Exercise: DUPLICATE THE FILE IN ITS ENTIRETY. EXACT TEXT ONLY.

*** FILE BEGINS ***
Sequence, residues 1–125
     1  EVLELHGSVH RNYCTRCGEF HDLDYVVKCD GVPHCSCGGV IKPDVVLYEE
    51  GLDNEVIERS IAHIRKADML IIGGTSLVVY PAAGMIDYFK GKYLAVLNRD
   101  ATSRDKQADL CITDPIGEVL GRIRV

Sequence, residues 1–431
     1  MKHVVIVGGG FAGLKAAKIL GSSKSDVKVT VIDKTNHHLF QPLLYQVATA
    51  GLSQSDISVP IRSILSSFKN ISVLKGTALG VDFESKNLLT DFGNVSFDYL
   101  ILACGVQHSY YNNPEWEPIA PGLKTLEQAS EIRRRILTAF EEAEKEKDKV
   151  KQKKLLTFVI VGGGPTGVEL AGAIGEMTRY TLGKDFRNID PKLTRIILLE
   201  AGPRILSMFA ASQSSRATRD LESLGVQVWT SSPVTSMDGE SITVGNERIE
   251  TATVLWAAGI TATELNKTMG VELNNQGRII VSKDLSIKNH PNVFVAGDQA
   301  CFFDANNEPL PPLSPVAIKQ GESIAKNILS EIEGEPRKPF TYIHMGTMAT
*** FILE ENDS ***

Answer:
Sequence, residues 1–125
     1  EVLELHGSVH RNYCTRCGEF HDLDYVVKCD GVPHCSCGGV IKPDVVLYEE
    51  GLDNEVIERS IAHIRKADML IIGGTSLVVY PAAGMIDYFK GKYLAVLNRD
   101  ATSRDKQADL CITDPIGEVL GRIRV

Sequence, residues 1–431
     1  MKHVVIVGGG FAGLKAAKIL GSSKSDVKVT VIDKTNHHLF QPLLYQVATA
    51  GLSQSDISVP IRSILSSFKN ISVLKGTALG VDFESKNLLT DFGNVSFDYL
   101  ILACGVQHSY YNNPEWEPIA PGLKTLEQAS EIRRRILTAF EEAEKEKDKV
   151  KQKKLLTFVI VGGGPTGVEL AGAIGEMTRY TLGKDFRNID PKLTRIILLE
   201  AGPRILSMFA ASQSSRATRD LESLGVQVWT SSPVTSMDGE SITVGNERIE
   251  TATVLWAAGI TATELNKTMG VELNNQGRII VSKDLSIKNH PNVFVAGDQA
   301  CFFDANNEPL PPLSPVAIKQ GESIAKNILS EIEGEPRKPF TYIHMGTMAT